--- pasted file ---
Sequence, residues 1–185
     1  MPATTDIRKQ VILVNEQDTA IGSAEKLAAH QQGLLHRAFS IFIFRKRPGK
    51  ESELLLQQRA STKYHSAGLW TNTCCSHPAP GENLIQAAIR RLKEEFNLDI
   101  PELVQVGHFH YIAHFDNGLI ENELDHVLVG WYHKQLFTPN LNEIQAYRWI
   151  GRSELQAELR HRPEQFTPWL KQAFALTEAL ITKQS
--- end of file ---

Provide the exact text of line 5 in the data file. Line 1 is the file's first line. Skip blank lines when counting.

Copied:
   151  GRSELQAELR HRPEQFTPWL KQAFALTEAL ITKQS